Explore the Living Library of Collaborative Short Food Supply Chains

In this library you will find over 30 examples of collaborative short food chains which we call ‘beacons’.  Each beacon tells a different story of how to shorten food chains and reconnect food producers and consumers.  For each one, collaboration between actors has been of vital importance – the beacons showcased in our library bring together farmers, civil society, local authorities and citizens with shared goals. You can use the library in different ways.  You can use the map below to find examples of collaborative short food chains.  Just click on the pin, and it will take you to their story!

This Library has been developed by partners in the COACH project, which is focusing on collaborative agri-food chains anchored in territorial food systems

This is a Living Library because it will keep growing and evolving.  As time goes on, we will keep adding material to the descriptions of the beacons and the spotlights, including short videos and animations.  By the end of the COACH project, in 2023, you will also be able to access a range of other resources from this webpage, including training materials and toolkits.

You can also refine your search, by choosing from ‘short food supply chains’, ‘civic food networks’ or ‘sustainable public food procurement’.  These are some of the building blocks of Territorial Food Systems. Clicking on one of these search terms will show you each beacon that is an example of each building block.  Here is what we mean by these terms for the purposes of the Living Library:

  • Short food supply chain: where the number of intermediaries between producers and consumers is limited. The actors involved in short food chains usually share a commitment to co-operation, local economic development and close geographical and social relations between producers, processors and consumers.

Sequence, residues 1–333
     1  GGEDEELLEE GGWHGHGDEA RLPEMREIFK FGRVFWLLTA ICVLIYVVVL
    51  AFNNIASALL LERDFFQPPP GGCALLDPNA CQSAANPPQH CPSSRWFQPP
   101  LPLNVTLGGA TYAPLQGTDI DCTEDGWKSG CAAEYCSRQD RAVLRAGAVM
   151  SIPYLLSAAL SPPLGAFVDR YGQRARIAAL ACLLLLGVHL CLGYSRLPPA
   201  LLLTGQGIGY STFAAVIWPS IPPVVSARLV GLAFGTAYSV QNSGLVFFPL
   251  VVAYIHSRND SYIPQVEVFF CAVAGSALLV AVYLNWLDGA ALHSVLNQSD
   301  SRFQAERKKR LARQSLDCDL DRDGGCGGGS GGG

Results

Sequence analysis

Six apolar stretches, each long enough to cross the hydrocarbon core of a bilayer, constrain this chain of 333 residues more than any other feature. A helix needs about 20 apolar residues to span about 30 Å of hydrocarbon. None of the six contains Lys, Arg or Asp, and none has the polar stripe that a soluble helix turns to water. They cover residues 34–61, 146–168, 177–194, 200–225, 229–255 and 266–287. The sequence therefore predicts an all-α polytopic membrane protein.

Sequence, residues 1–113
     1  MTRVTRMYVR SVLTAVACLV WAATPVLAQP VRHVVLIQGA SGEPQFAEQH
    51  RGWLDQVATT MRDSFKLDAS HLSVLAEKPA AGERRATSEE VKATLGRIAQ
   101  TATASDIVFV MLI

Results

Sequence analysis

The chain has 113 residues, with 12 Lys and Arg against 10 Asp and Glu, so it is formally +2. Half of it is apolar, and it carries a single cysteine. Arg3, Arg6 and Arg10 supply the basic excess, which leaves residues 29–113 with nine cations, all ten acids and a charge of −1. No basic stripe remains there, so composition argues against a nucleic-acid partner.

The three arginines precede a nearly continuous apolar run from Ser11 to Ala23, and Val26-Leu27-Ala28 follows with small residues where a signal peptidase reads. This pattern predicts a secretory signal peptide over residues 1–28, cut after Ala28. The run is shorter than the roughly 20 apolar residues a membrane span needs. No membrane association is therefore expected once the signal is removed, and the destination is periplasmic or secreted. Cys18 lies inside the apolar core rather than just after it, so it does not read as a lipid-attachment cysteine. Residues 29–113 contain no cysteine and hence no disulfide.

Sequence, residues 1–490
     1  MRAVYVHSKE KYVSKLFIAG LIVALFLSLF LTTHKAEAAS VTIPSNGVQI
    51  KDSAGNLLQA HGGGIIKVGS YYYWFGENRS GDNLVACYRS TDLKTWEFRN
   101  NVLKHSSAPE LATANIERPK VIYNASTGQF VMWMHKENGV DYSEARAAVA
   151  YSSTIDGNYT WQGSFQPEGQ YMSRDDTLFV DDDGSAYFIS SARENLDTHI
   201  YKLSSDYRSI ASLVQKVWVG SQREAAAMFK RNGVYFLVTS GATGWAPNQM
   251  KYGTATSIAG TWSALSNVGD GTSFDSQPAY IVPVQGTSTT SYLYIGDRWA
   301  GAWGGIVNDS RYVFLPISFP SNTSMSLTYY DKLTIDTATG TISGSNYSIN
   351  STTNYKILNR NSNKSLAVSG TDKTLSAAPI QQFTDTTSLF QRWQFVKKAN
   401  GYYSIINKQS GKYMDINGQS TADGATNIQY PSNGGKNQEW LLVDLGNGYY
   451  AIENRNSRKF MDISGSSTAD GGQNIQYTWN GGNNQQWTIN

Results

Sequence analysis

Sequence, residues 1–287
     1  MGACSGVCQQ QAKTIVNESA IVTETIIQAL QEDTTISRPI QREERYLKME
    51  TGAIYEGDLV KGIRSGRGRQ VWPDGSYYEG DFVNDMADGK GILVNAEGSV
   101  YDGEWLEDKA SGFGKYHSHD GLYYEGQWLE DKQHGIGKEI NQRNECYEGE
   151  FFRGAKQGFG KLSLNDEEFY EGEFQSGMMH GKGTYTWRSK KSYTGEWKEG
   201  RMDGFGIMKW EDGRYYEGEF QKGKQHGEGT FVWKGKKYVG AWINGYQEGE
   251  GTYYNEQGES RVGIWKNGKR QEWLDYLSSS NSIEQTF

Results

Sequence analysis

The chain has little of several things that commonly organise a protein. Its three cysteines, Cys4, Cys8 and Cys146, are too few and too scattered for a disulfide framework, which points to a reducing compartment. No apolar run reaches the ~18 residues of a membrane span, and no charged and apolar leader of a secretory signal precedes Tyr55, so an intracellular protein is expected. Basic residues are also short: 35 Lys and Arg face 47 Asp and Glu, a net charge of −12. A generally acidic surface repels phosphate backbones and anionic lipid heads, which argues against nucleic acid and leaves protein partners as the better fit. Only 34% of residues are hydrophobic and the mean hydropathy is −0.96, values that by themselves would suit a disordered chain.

• Civic food networks: formal and informal initiatives in the form of non-governmental organizations such as food policy councils, social movements, farmer organisations, community initiatives and citizens working towards sustainable and just food chains.
  • Sustainable Public Food Procurement: whereby schools, government departments, hospitals and other public institutions commit to procuring sustainably produced local or regional foods, typically along with other related educational and employment objectives.

The other way to search in the library is to focus on a particular theme or ‘spotlight’.  If you click on the spotlight you are interested in, it will take you to examples of beacons which illustrate the spotlight.

  • Accessibility and Social Equity: explores strategies and practices to address inequity in the food system and to enable better access to fresh, local food for people on low income or excluded and marginalized groups.

  • Costs and Benefits: provides insights on economic and non-economic (e.g. social, environmental) costs and benefits incurred by small-scale farmers and businesses operating in short food supply chains.

  • Gender Equity and Equality: opens up discussion about practices and approaches that can achieve gender equity and equality in food systems.

  • Digital Innovation: this focuses on the use of digital technology breaking new ground for logistics, communications, accessibility, social equity and other factors that assist small-scale farmers and operators in scaling up the short food supply chain. 

  • Public Food Procurement: showcases innovations in sustainable public food procurement (SPFP) practices, in particular efforts to source healthy and high-quality food from small-scale farmers and food businesses in a legally sound way.

  • Education and Information: refers to effective techniques adopted by food producers to develop and communicate their identity, market positions and unique selling point (e.g. environmental sustainability, health and nutrition) by connecting producers with consumers via open days, producer events, and food education in school curricula.

  • Policy and Advocacy: outlines approaches, strategies and proposals for triggering policy change at different scales to create an enabling environment for collaborative food initiatives in territories, ensuring conditions for the meaningful participation of people and groups most impacted by policies and food system issues.  

  • Innovative Governance: showcases new forms of governance that are driving highly impactful collective action at the territorial level, across different actors, in particular linking initiatives on sustainable public food procurement (state) with short food supply chains (market) and civic food networks (non-profit, civil society).

COACH has received funding from the European Union’s Horizon 2020 research and innovation programme under grant agreement No 101000918